Google is not officially saying much about Chrome OS beyond a Tuesday evening blog post, announcing that the company is indeed developing a computer operating system.
But a very knowledgeable “industry source” answered a few questions about a project that on its surface appears to be a significant challenge to Microsoft, Apple and the PC industry’s status quo.
After getting these additional details, I’m thinking that Google’s “Chrome OS” will be latest iteration of the thin client “network computer” that others in Silicon Valley first proposed back in the mid-1990s.
The concept was to shift most of the actual computing from the local machine to the Web. With servers doing the heavy lifting, people wouldn’t need much more than a keyboard, display and Internet connection.
Oracle and Sun Microsystems — where Google’s chief executive used to work — began pushing this concept as their competition with Microsoft grew and Windows became the dominant platform for software development.
Their vision has been partly realized. Most people have good Internet connections and the Web has become the dominant platform, connecting not just computers but increasingly phones, game consoles, cars and televisions.
Some big companies use thin clients connected to their networks. The consumer equivalent may be netbooks, the low-powered mini computers based on hardware designed for mobile devices.
But the majority of personal computing is still done on full-powered machines that run applications offline as well as online.
One reason is because PCs keep getting more powerful without getting much more expensive. The appeal of a Web-oriented operating system will be limited if it doesn’t make the most of the dramatic gains in processing power, graphics and storage that PCs are expected to see in the next few years.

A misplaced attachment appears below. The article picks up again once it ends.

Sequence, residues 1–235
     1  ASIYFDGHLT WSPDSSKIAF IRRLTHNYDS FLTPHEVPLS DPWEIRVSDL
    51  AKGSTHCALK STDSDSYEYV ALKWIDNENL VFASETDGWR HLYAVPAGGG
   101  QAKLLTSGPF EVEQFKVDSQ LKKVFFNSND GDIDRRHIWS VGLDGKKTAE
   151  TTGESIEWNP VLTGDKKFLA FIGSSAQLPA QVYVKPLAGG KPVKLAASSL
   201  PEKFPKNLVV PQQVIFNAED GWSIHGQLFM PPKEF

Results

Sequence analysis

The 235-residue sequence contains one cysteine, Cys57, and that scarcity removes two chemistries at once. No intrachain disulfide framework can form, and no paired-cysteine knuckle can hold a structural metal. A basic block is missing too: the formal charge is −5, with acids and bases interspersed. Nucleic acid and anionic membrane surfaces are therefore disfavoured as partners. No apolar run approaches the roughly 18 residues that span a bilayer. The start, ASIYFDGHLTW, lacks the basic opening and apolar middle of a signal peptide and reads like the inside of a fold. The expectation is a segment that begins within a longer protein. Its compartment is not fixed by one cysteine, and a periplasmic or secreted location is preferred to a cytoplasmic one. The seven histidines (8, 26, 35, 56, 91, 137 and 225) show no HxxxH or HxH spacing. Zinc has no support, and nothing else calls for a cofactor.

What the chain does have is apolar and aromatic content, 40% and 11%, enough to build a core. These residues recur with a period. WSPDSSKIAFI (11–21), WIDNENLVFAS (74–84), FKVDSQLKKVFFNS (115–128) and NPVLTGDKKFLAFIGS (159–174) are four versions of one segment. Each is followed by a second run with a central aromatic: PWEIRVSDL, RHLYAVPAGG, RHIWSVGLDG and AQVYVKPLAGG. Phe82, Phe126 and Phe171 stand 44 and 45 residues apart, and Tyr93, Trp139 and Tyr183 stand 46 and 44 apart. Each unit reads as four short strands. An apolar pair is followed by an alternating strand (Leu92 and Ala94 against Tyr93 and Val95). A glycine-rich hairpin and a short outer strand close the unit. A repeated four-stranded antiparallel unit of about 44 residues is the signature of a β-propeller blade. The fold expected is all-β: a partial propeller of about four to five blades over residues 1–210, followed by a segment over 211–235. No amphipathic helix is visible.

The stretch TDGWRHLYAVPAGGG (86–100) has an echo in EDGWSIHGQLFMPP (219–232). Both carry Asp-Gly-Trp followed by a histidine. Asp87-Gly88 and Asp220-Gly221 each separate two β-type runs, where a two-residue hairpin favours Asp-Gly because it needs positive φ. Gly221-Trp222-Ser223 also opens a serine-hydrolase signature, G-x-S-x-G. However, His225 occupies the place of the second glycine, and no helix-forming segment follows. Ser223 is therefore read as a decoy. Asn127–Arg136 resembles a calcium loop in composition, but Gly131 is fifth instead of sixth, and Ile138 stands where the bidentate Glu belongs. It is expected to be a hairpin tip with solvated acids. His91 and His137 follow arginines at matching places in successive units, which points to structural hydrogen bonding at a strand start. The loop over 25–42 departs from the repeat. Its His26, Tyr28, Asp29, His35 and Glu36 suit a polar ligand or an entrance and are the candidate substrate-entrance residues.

Google is expecting its operating system to start appearing on netbooks and larger computers by the end of 2010. It’s designed for standard PC hardware that supports more local storage than a thin client, though it will presumably encourage people to use Web services that store files online, such as Gmail and Picasa.
The software hasn’t yet coalesced — it’s a more of a project than a prototype at this point, so don’t expect a lot in the way of demonstrations anytime soon.
I was told Google is “still coding on this.” The software should be running toward the end of 2009, at which point Google will make it open source and shareable.
Google’s operating system will be an extension of its Chrome browser. Apparently everything on a Chrome OS computer will be done through the browser, and applications will not run outside the browser. The browser will be the desktop, and the browser will be Google’s. To use a browser other than Chrome, consumers or computer makers will have to modify the source code.
I’m curious to see if consumers will accept an operating system developed by and connected to a company whoses primary business is targeting ads.